By Margaret Heale, RN, MSc, CWOCN
I was not at the April National Pressure Ulcer Advisory Panel (NPUAP) meeting, but I do think some of critical commentary that has followed the announcement of the pressure injury staging system changes is flawed. Clearly designating the thickness of an injury to a defined wound stage makes sense and communicates a severity. All the NPUAP have done is clarify some detail that clinicians have had to manage previously, within a gray area. It is not the responsibility of the NPUAP, researchers or clinicians at the bedside to make up definitions to fit coding or legislators. It is important that researchers and bedside clinicians provide the Centers for Medicare & Medicaid Services (CMS) and legislators with research demonstrating how and why pressure ulcers occur.
Taking Responsibility for Pressure Injuries
I have seen pressure ulcers from negligence and ignorance throughout my career and the current belief within the profession that many are not preventable needs proof. From ICU nurses wanting to blame not being able to turn patients because of their unstable condition, to floor nurses stating patient's refusal and non-compliance, such excuses are often (but I accept not always) exactly that: excuses.
It is time to 'fold' and accept that we need to take responsibility. We have given away nursing care to under-trained, under-paid and under-valued non-professionals. There is little direction or communication and even less oversight of the nursing assistant role. Nurses work from protocols and orders with little regard for planning care and individualizing care plans. Care planning is a paper exercise to keep Joint Commission happy, but no one uses them. There are orders for everything from allowing the patient to get on to a commode, to ensuring they have offloading boots (left on the windowsill). Orders such as Q 2 hour turns gets transcribed into the chart and are either ignored or just worked around to fit into the routines that usually work for most patients.Our art has died, we are painting by numbers and it is visible to all who give more than a cursory glance to nursing care.
An Opportunity to Improve Pressure Injury Prevention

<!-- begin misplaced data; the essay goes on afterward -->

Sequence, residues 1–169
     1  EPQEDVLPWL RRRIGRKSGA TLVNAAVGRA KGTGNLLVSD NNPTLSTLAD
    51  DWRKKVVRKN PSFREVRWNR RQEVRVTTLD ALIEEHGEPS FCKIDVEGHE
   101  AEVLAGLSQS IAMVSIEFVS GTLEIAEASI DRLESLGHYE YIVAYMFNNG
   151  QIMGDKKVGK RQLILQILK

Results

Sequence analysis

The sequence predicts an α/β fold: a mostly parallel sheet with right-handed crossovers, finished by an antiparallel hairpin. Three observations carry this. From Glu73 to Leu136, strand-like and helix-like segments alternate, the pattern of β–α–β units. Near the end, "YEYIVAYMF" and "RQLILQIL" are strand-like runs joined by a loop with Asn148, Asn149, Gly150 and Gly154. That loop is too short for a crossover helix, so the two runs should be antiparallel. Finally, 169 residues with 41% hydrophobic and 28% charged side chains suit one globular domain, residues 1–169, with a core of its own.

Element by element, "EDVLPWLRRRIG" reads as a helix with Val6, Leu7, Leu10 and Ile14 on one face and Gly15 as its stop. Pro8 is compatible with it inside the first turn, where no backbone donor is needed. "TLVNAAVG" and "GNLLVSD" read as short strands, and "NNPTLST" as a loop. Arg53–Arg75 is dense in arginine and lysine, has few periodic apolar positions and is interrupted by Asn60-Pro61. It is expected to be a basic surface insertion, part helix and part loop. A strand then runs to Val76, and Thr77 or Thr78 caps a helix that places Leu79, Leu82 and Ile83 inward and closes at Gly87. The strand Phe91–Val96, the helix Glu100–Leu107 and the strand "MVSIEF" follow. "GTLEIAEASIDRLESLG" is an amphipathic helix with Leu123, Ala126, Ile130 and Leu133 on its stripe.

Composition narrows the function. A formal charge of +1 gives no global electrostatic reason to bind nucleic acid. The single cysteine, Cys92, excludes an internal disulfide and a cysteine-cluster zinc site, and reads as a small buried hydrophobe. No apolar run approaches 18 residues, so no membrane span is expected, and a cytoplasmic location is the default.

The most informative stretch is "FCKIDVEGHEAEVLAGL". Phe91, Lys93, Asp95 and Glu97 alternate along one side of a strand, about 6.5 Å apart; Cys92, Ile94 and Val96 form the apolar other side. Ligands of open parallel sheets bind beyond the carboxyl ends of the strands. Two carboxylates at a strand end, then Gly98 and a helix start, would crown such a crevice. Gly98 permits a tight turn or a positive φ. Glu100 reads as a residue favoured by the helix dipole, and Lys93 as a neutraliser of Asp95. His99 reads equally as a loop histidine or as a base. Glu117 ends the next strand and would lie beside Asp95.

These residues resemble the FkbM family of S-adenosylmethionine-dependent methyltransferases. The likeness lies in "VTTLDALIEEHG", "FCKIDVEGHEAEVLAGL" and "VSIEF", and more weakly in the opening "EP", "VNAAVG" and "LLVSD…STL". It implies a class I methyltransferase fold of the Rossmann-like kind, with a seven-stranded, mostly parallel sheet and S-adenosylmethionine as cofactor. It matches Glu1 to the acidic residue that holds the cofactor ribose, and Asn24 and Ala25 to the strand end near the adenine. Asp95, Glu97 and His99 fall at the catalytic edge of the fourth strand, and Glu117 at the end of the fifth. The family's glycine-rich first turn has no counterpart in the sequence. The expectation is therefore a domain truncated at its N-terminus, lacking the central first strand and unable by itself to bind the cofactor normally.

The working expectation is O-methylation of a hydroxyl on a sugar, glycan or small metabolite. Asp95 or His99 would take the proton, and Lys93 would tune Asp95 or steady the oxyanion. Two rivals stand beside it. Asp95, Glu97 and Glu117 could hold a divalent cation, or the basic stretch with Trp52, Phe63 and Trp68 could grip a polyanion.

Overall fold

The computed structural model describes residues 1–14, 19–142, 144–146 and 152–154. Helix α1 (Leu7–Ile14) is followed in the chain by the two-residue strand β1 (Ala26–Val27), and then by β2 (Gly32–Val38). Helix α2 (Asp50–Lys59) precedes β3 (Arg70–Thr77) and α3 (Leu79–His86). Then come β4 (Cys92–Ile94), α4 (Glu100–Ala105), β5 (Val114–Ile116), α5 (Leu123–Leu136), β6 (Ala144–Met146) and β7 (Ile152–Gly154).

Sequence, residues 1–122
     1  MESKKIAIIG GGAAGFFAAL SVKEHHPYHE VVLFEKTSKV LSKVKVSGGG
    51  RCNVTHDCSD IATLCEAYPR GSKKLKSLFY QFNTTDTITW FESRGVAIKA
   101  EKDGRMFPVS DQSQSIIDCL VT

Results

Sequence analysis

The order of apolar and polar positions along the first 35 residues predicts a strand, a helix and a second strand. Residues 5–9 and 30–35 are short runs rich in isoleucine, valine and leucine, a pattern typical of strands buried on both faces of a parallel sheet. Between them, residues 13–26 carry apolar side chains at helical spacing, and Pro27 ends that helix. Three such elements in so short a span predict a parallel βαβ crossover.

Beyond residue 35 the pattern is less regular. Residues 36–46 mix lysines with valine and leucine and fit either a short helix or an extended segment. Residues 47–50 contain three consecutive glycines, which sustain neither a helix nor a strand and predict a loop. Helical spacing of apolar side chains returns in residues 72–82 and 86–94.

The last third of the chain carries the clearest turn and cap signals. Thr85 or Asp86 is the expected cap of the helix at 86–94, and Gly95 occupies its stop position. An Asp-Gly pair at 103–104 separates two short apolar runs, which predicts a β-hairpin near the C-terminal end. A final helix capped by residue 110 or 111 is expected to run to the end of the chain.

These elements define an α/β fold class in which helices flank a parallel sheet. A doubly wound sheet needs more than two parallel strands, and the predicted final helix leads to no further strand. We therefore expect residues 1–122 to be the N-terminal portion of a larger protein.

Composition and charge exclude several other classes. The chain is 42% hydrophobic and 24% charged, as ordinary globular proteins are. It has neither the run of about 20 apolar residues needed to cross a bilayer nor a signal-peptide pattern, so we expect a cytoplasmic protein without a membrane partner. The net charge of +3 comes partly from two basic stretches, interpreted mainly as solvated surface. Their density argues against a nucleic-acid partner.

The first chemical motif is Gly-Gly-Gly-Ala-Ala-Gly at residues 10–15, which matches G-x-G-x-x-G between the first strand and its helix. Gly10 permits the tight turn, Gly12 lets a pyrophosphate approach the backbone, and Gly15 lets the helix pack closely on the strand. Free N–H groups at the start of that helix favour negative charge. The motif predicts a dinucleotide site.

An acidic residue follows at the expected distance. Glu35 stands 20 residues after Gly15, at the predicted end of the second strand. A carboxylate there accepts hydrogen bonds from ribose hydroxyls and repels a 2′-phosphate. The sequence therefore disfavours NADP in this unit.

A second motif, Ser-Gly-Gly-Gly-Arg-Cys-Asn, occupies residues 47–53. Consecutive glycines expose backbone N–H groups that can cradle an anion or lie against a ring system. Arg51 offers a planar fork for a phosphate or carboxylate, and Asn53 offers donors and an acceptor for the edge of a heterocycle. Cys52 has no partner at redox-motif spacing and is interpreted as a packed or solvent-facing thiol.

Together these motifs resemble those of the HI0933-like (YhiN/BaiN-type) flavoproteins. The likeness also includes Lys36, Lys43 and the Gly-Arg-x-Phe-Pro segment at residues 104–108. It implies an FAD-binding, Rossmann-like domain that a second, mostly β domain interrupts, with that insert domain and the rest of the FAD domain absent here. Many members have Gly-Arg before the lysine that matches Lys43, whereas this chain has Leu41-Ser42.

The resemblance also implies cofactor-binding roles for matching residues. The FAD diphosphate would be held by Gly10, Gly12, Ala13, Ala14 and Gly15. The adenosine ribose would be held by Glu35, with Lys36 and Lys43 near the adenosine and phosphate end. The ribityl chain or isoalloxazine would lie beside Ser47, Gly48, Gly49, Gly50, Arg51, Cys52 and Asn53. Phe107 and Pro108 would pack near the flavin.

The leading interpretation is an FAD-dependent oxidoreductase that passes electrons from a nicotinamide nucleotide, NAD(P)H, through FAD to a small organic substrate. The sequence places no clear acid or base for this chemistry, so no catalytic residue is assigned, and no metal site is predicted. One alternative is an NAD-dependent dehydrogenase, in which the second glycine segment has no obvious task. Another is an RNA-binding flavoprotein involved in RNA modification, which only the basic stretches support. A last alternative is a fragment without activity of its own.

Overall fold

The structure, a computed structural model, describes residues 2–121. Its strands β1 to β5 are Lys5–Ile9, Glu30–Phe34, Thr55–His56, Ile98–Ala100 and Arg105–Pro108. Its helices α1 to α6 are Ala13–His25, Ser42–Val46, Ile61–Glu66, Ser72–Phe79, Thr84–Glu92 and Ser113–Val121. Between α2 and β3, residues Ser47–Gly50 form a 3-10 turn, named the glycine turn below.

How can we go forward into the future rather than looking to the past as perfect? (Which, of course it never was.) In terms of pressure ulcers, there is no doubt that from the moment CMS stopped paying for hospital-acquired pressure injuries there was motivation from health care administration to prevent them. It gave nursing the opportunity to improve care, but with fewer resources and such an unmotivated bedside workforce, there was little hope of achievement.
It is now time to use what we know to get what we need. We know that in order to prevent pressure ulcers, offloading and the optimum pressure redistribution surface is important1. We know that optimal skin care will make the skin more resilient2. We know that dependent patients develop pressure injuries more than those who are able to mobilize and that regular repositioning with an individual schedule for patients prevents pressure injuries3.
Exactly how positioning can optimize offloading and gain patient cooperation is very important (particularly in the rehab setting). Paying attention to detail and straightening sheets, moving and repositioning devices is often underplayed4. The way we handle patients has a role to play, as does the equipment we use. Having people at the bedside to actually perform all the necessary, detailed care is imperative. But where are the people at the bedside? Who trains them and what value do we give them? The role patients and relatives play in preventing pressure injuries, and how they are educated and introduced to the alien concept of skin breakdown is much more important than many realize (therein lies a research project).
So maybe the NPUAP did not do what many had hoped or even the right thing, but let us take care not to throw out the baby with the bathwater. What we have is usable and can be developed further as we progress with research. For now, we have work to do so that nursing can move forward without being pushed by CMS or ordered by doctors.
1. McNichol L, Watts C, Mackey D, Beitz JM, Gray M. Identifying the Right Surface for the Right Patient at the Right Time: Generation and Content Validation of an Algorithm for Support Surface Selection. J Wound Ostomy Continence Nurs. 2015 Jan-Feb;42(1):19-37. doi: 10.1097/WON.0000000000000103.
2. Ayello EA, and Sibbald RG. Preventing pressure ulcers and skin tears. In Bolz M, Capezuti E, Fulmer T, Zwicker D, (Editors). Evidenced based Nursing protocols for best practice. 4th ed New York (NY) Springer pub co 2012 298-324.
3. Moore Z, Cowman S, Conroy RM. A randomised controlled clinical trial of repositioning, using the 30° tilt, for the prevention of pressure ulcers. J Clin Nurs. 2011 Sep;20(17-8):2633-44. doi: 10.1111/j.1365-2702.2011.03736.x. Epub 2011 Jun 27.
4. Pittman J, Beeson T, Kitterman J, Lancaster S, Shelly A. Medical device-related hospital-acquired pressure ulcers: development of an evidence-based position statement. J Wound Ostomy Continence Nurs. 2015 Mar-Apr;42(2):151-4.
About The Author
Margaret Heale has a clinical consulting service, Heale Wound Care in Southeastern Vermont and draws on her extensive experience as a wound, ostomy and continence nurse in acute and long-term care settings to provide education and holistic care in her practice.
The views and opinions expressed in this blog are solely those of the author, and do not represent the views of WoundSource, Kestrel Health Information, Inc., its affiliates, or subsidiary companies.